UN’s failure to act on Sri Lanka could spur a global pandemic of impunity Warn Former Top UN and US Officials During 150 Minute Webinar titled Sri Lanka: Quest for Justice, Rule of Law and Democratic Rights Watched World -Wide on 12 February.


The UN’s failure to act on Sri Lanka could spur a global pandemic of impunity, former top UN officials and human rights experts warned during a widely publicised webinar last week, ahead of a key Human Rights Council session in Geneva.

A webinar titled Sri Lanka: Quest for Justice, Rule of Law and Democratic Rights was held on 12 February. It was co-hosted by the Global Tamil Forum, the Centre for Human Rights and Global Justice of the New York University, the Sri Lanka Campaign for Peace and Justice and the Canadian Tamil Congress. In addition to Sri Lankan activists and politicians, the webinar featured pre-eminent global experts on human rights and transitional justice including the former UN Special Rapporteur on transitional justice, Pablo de Greiff.

All of the international experts cautioned against pinning hope on the United Nations to achieve justice and reconciliation in Sri Lanka and advocated for systems and institutional structures to be put in place that would foster a reckoning with Sri Lanka’s legacy of war, and prevent a recurrence of violence.

“Impunity is contagious,” said former US Ambassador at Large for War Crimes Stephen Rapp. “When the message was that you could get away with killing people, it led people to believe they can get away with other things.” For years Sri Lanka has been in the throes of an epidemic of impunity which threatens others, the former US Ambassador said.

The world was risking a pandemic of impunity, Rapp said, if the message from the UNHRC process on Sri Lanka was that governments could simply wait the process out for a decade.

Rapp’s remarks were reinforced by former UN Assistant Secretary General Charles Petrie whose 2012 review of the UN’s role in Sri Lanka in 2012 found damning evidence of a ‘systemic failure’ to act to fulfill its mandate to prevent humanitarian disasters and human rights abuses. Petrie said Sri Lanka is travelling down a ‘dangerous path’ and emphasised that the country’s problems could not be solved by the UN and other outside actors but by the people of Sri Lanka and its leadership coming to terms with its painful past. “Sri Lanka again presents serious questions about the seriousness and effectiveness of the UN’s commitment to fulfilling its mandate. “I would urge those in Sri Lanka who are in greatest need, not to expect the UN to live up to its responsibility” to protect the people, Petrie noted in his remarks.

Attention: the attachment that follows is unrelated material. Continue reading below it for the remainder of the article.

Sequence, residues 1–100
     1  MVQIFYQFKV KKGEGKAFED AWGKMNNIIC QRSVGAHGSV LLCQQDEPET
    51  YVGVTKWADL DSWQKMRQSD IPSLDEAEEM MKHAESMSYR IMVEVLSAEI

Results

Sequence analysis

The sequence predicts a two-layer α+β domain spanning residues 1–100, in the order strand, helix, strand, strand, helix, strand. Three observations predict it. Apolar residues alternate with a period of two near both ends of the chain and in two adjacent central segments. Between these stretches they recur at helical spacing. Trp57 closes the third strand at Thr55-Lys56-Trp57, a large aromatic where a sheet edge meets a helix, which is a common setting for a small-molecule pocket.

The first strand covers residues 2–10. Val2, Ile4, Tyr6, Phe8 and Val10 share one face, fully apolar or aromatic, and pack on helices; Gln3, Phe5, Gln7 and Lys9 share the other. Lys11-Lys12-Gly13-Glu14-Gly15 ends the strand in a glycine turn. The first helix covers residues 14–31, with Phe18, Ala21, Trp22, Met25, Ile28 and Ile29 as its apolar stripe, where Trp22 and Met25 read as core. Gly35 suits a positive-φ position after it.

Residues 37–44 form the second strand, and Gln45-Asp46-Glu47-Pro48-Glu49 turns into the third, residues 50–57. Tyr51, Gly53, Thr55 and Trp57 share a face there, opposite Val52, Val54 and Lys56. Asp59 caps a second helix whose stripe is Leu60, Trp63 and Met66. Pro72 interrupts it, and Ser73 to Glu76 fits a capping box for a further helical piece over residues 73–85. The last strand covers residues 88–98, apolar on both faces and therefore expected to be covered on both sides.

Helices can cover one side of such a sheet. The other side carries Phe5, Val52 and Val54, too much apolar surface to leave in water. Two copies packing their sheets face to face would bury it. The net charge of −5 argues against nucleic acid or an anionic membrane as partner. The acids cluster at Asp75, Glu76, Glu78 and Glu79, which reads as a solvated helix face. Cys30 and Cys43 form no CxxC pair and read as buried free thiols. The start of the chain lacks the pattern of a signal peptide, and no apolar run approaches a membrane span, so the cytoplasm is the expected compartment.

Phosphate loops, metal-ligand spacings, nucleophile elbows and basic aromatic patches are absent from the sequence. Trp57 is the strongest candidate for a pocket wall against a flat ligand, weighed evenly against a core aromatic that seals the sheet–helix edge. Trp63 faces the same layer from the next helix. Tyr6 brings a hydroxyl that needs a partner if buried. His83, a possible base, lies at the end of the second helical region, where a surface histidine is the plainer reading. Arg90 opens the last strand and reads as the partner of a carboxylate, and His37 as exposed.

The experts called on the international community to heed High Commissioner for Human Rights Michelle Bachelet’s recommendations in her report to the 46th session of the UN Human Rights Council and implement travel bans and targeted sanctions including those under the Magnitsky Act to act against perpetrators of alleged atrocities.

De Greiff, a former UN Special Rapporteur, said Sri Lanka had adopted a policy of quasi-compliance with its international obligations that was failing its own citizens. He argued that studies have now shown that societies that fail to undertake a meaningful process of truth-seeking and redress for violations are doomed to repeat cycles of violence.

TNA MP and President’s Counsel M.A. Sumanthiran, former Commissioner of the Human Rights Commission of Sri Lanka Ambika Sathkunanathan, Senior Researcher at the Centre for Policy Alternatives and attorney-at-law Bhavani Fonseka, Women’s Rights Activist Shreen Saroor and Director of International Affairs for the Sri Lanka Muslim Congress Ameer Faaiz also participated in the webinar.

The Sri Lankan speakers addressed a broad range of issues confronting Sri Lanka including the shrinking of democratic space for dissent, the failure to achieve justice for victims of human rights abuses, increasingly militarised governance, discrimination towards the country’s religious minorities and the surveillance and crackdowns on civil society and government critics and the enactment of the 20th Amendment which had strengthened the presidency while eroding the rule of law and principle of the separation of powers.

The event was moderated by Melissa Dring from the Sri Lanka Campaign for Peace and Justice.

“There was consensus among the presenters that Sri Lanka is entering a critical phase where the future for democracy, rule of law and good governance is bleak. The exclusionary and majoritarian thrust of the Government will disproportionately affect the minority communities. On its own, Sri Lanka will not deliver on accountability or justice. This is the time for strong international involvement to prevent future violent conflict,” a media release from the organisers said.

Courtesy:Daily FT